Why do risk-averse people invest in risky stocks either all or part of their investment? How do people decide how much risk to bear for the future? To answer these questions, we must examine the demand for risky assets.

Choice under Uncertainty # 10. Assets:

An asset is something that provides a monetary flow to its owner. The monetary flow from owning an asset can take the form of an explicit payment, such as the rental income from an apartment building. Another explicit payment is the dividend on shares.

But sometimes the monetary flow from ownership of an asset is implicit; it takes the form of an increase or decrease in the price or value of the asset — a capital gain or a capital loss.

A risky asset provides a monetary flow that is in part random, which means, the monetary flow is not known with certainty in advance. A share of a company is an obvious example of a risky asset — one cannot know whether the price of the stock will rise or fall over time, and one cannot even be sure that the company will continue to pay the same dividend per share.

Although people often associate risk with the stock market, most other assets are also risky.

The corporate bonds are example of this — the corporation that issued the bonds could go bankrupt and fail to pay bond owners their returns. Even long-term government bonds that mature in 10 or 20 years are risky.

Although it is unlikely that government will go bankrupt, the rate of inflation could increase and make future interest payments and the eventual repayment of principal worth less in real terms, and, thus, reduce the value of the bonds.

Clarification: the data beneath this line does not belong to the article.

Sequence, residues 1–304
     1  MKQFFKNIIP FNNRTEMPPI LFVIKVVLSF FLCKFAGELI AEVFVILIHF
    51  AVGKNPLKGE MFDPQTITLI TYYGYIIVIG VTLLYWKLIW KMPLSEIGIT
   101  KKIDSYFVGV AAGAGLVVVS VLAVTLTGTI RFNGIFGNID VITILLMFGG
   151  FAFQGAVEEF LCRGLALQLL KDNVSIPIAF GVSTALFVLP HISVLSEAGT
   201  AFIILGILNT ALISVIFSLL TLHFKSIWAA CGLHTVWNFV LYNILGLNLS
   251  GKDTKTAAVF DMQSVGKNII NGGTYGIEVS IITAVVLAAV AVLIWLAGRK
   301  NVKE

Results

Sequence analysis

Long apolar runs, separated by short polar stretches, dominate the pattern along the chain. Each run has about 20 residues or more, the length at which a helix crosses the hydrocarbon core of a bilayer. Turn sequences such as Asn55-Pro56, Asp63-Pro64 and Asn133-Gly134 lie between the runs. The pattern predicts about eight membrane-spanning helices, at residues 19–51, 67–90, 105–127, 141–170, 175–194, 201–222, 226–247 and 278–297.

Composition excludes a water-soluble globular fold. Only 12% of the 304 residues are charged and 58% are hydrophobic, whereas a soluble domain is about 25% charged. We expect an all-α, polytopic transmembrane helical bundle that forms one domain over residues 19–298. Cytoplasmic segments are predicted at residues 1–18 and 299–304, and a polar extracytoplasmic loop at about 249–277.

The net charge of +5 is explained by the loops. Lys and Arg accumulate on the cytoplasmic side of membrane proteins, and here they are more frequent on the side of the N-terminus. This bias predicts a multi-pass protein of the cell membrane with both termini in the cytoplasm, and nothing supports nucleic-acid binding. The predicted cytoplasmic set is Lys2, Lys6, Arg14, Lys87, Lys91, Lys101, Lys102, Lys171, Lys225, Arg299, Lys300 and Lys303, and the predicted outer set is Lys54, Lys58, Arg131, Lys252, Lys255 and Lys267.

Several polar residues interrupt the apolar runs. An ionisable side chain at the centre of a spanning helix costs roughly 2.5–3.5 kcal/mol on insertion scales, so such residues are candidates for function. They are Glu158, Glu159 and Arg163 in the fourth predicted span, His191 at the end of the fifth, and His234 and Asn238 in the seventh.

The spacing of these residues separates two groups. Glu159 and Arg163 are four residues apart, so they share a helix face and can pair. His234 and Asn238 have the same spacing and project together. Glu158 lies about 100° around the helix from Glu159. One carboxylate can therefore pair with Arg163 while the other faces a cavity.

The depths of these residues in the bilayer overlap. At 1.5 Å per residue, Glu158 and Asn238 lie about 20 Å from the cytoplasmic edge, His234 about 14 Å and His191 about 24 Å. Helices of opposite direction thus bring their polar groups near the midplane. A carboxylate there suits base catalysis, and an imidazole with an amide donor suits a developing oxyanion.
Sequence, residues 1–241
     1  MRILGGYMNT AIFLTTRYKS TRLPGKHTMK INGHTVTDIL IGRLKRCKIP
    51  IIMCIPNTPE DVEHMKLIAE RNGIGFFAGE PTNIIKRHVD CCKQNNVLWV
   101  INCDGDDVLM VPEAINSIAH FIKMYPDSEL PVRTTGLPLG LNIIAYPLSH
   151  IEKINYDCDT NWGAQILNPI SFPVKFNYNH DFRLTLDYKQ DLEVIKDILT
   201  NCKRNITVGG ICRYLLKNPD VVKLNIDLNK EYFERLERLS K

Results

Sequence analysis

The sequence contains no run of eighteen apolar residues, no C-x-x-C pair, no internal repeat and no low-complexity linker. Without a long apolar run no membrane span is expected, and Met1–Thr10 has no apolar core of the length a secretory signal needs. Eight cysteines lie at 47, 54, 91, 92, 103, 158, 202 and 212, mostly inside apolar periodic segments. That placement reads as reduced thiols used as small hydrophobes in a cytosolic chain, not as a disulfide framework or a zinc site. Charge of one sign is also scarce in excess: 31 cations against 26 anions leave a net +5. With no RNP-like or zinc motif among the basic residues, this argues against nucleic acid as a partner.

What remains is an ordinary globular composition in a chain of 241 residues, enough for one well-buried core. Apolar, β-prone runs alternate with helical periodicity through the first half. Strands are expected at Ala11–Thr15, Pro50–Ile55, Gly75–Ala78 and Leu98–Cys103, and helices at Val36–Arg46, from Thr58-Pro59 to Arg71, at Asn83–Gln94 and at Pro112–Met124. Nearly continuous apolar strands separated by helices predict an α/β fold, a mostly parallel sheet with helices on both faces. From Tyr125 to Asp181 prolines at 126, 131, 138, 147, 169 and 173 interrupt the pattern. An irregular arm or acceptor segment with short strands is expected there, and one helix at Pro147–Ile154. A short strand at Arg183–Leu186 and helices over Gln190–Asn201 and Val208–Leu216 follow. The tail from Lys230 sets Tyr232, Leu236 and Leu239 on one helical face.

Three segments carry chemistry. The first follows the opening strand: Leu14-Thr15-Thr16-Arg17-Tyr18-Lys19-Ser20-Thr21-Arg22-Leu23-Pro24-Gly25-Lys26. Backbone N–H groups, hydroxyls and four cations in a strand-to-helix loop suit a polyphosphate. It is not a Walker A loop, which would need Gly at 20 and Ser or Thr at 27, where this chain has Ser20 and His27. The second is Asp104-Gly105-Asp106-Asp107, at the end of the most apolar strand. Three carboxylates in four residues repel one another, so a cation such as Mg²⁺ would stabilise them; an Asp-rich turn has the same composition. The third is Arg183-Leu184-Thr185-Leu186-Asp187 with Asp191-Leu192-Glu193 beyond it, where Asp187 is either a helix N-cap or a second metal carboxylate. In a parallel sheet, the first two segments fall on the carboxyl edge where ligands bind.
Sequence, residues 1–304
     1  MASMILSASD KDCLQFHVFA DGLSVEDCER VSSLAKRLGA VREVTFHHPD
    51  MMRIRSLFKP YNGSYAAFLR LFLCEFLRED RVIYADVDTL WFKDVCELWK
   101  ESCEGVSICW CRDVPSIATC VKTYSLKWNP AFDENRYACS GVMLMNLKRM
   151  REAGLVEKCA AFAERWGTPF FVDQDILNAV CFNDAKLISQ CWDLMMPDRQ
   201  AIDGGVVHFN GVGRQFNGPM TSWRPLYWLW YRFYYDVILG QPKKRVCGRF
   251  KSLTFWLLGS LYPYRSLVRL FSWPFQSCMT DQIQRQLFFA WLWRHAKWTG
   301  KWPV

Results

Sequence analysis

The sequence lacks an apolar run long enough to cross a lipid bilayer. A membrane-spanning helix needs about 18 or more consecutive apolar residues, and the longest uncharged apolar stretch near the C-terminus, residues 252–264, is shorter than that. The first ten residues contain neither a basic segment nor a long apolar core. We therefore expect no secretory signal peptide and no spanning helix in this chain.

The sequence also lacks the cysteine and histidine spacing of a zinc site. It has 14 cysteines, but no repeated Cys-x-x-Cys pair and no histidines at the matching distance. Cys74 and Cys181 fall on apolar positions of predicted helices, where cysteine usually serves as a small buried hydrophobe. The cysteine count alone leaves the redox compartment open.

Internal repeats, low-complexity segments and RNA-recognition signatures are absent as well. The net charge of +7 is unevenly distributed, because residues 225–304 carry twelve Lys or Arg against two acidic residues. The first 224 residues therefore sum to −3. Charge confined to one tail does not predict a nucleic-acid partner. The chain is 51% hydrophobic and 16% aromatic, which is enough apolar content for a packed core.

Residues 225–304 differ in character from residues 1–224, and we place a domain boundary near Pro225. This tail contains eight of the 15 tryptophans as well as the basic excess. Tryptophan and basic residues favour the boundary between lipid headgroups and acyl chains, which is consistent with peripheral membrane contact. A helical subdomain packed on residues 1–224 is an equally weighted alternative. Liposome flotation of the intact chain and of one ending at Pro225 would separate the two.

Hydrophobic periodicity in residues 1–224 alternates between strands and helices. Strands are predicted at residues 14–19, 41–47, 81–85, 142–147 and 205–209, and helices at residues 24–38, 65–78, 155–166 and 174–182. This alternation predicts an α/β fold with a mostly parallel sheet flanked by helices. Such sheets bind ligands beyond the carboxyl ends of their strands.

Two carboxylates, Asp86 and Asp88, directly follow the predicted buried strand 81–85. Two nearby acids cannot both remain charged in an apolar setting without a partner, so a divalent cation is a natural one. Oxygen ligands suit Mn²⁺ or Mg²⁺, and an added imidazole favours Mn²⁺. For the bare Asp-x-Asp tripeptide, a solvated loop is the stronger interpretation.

In contrast to risky assets, we can call an asset riskless if it pays a monetary flow that is certain. Short-term government bonds — known as Treasury Bills — are risk-free assets because they mature within a short period, there is very little risk of an unexpected increase in inflation.

And one can also be confident that government will not default on the bond. Other examples of riskless assets include passbook savings accounts in banks and building societies or short- term certificate of deposit.

Choice under Uncertainty # 11. Asset Returns:

People buy and hold assets because of the monetary flows they provide. Assets may be compared in terms of their monetary flow relative to the price of asset. The return on an asset is the total monetary flow it provides as a fraction of its value. For example, a bond worth £1,000 today that pays out £100 this year has a return of 10%.